“He’s a great leader,” Fredman said of Kissner. “I introduced him to these special kids and Adam really got it, he got it right away. I’ll miss him in so many ways.”
August 23, 2017 | admin
By Chuck Slater
There is no doubt that the area’s best volleyball player is Panas’ senior hitter Yvette Burcescu, chosen the state Player of the Year as a junior last January. And Diane Swertfager, the tremendously successful Hen Hud volleyball coach, is equally certain the second best is her own senior hitter, Zoe Staats. “She’s definitely second best,” the coach who has won three state championships said. “And she’s my captain. And she jumps. Boy, does she jump. She has that God-given ability in her vertical jump,” Swertfager said. “Combine that with her speed and she plays like she is 6 feet, 5 inches — not 5 feet, 11 inches. She even started for me as a freshman. It’s rare for a freshman to make the Hen Hud varsity, much less start.”
Zoe Staats plays her sport year-round. (PHOTO COURTESY OF DENISE STAATS)
And a young freshman. Now as a senior, Staats does not turn 17 until late September. After Staats suffered a late-season leg injury last year, Hen Hud lost to Panas in the sectional semifinals. Now she is fully healthy again and better than ever after an eventful summer of volleyball success.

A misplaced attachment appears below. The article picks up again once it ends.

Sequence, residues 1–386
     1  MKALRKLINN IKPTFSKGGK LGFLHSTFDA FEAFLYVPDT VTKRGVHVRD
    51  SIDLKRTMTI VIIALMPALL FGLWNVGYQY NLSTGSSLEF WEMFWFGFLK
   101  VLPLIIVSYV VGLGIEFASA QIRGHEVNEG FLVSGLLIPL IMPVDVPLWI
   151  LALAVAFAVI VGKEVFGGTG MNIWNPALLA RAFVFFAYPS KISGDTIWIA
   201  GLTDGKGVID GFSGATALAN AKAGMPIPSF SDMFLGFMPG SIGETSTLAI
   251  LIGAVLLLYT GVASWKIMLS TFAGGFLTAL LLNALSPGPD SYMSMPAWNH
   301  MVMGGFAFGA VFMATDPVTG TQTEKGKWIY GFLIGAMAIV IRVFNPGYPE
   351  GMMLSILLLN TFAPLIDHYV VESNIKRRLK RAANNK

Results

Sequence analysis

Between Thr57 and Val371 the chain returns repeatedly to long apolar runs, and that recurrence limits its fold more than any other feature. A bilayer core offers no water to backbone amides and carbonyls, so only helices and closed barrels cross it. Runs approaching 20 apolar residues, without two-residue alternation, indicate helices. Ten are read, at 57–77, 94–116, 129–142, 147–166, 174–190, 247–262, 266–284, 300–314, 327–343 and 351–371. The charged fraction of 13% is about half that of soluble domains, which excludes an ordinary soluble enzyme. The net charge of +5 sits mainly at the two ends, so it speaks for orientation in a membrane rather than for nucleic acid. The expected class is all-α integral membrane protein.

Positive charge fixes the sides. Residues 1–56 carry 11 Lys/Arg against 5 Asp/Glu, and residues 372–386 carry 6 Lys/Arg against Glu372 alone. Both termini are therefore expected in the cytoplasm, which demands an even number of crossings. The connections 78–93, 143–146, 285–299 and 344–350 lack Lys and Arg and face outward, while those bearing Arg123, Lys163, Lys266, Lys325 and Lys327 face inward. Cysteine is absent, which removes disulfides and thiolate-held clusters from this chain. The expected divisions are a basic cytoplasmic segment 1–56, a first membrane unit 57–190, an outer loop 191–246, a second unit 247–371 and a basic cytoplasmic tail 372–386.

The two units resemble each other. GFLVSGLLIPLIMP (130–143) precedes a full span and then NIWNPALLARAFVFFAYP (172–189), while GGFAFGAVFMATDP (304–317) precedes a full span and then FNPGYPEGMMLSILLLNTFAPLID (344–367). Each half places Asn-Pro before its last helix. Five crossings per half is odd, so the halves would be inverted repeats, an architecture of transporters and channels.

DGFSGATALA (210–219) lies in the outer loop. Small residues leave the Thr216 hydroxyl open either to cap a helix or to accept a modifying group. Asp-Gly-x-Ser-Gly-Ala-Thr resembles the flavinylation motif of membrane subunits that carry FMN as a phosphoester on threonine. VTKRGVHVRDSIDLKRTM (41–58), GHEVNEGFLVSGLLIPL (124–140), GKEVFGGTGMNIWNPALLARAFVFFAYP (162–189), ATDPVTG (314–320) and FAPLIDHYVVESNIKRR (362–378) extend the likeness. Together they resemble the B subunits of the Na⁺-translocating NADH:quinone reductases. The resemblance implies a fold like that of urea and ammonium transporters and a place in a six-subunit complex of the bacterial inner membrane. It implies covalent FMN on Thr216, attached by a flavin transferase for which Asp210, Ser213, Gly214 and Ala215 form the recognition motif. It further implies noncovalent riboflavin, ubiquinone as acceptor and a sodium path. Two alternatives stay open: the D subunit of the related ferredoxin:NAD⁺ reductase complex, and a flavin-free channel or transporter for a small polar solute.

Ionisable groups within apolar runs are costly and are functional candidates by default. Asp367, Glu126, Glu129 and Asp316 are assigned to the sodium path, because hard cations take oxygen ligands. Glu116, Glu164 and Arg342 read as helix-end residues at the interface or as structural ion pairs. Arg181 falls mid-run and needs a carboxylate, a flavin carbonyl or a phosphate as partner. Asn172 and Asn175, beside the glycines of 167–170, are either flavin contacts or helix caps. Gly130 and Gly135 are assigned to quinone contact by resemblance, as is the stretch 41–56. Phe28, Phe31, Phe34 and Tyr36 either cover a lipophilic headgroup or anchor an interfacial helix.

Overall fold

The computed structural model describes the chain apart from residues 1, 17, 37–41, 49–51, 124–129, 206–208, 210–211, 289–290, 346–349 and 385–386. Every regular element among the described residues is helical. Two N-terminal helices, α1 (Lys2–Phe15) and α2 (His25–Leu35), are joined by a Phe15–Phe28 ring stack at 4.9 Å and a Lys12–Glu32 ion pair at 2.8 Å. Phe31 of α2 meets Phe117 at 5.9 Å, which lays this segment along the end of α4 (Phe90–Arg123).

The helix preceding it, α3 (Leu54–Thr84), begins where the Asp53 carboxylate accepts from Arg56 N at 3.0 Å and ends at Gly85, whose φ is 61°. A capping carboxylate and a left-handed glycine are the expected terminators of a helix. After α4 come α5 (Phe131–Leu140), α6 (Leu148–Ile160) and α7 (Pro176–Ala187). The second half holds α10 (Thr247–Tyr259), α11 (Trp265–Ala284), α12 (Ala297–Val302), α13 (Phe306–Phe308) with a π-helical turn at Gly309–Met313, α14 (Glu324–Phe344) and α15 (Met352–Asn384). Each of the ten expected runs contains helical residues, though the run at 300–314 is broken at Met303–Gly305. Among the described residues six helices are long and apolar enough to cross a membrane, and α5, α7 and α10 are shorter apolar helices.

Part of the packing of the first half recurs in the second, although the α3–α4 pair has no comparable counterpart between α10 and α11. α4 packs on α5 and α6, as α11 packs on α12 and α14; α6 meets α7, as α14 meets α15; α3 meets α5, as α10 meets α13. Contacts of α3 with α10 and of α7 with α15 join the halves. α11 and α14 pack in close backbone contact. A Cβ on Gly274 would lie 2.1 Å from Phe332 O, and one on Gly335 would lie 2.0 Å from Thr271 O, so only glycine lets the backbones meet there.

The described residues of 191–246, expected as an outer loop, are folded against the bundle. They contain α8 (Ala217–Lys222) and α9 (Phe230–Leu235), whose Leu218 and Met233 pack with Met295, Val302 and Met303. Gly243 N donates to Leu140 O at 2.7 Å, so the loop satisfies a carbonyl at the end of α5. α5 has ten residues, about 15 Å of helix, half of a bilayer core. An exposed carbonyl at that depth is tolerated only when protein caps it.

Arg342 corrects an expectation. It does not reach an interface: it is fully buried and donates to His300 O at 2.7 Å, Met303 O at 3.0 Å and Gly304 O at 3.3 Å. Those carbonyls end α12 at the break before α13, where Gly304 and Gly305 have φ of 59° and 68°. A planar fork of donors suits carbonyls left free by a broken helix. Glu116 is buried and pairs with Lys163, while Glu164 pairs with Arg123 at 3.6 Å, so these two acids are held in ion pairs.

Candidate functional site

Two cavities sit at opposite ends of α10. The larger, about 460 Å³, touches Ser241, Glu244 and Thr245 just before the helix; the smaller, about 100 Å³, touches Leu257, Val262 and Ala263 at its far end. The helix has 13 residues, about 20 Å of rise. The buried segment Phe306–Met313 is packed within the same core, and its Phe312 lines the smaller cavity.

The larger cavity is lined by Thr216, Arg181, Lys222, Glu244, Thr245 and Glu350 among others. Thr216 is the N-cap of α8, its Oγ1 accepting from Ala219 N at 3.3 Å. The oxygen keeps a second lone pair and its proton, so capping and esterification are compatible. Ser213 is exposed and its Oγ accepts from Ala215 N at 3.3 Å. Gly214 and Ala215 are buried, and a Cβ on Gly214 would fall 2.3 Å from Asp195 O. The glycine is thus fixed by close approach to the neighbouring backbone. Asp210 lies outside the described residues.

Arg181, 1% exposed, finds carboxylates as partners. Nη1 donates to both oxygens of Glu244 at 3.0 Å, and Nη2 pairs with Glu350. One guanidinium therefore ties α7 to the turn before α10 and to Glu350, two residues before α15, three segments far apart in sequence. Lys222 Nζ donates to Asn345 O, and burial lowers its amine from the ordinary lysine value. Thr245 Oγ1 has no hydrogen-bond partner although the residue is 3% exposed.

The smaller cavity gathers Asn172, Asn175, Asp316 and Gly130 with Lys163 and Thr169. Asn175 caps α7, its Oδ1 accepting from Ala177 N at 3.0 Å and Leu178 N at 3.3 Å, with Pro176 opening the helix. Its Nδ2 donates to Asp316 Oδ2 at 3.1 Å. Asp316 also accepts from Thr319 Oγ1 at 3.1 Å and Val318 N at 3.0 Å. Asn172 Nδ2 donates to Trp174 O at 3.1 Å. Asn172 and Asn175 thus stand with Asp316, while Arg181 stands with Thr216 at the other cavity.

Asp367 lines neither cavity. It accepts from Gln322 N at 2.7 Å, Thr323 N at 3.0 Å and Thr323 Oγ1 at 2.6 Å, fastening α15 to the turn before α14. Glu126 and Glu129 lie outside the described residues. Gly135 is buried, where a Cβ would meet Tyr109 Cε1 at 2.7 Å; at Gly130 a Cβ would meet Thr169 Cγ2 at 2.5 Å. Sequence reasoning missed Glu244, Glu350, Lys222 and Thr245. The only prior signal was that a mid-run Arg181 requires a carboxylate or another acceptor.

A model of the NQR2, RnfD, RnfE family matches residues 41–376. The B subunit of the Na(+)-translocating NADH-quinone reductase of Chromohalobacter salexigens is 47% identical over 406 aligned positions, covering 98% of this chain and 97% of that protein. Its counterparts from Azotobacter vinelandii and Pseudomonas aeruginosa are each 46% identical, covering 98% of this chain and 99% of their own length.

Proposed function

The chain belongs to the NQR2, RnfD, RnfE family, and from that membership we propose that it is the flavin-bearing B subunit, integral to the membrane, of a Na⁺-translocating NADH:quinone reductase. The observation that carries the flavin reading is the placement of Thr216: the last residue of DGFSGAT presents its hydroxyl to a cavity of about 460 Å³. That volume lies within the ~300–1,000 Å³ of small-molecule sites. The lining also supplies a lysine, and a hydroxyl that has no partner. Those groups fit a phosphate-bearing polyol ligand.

Staats played at the GEVA (Garden Empire Volleyball Association) camp this summer then helped win a national title on the GEVA all-star team. In the competition in Fort Lauderdale, Florida, Staats’ squad upset a favored Florida group in the semifinals then whipped a Pennsylvania team in the final. “I played a lot of right side but also all around,” she reports. The right side is just right for her — “Because I’m left-handed.” And she got one more thing over the summer: A new serve, even though her old one was pretty devastating. “It’s a topspin serve,” she said. “They insisted I use it and it was very, very effective.”
According to her dad Otto, his daughter was an all-around athlete when young — then she met volleyball. “She’s always got a volleyball in her hands,” said her mother, Denise Staats. “It’s what she loves.” “For me it’s volleyball all year round,” Staats agrees.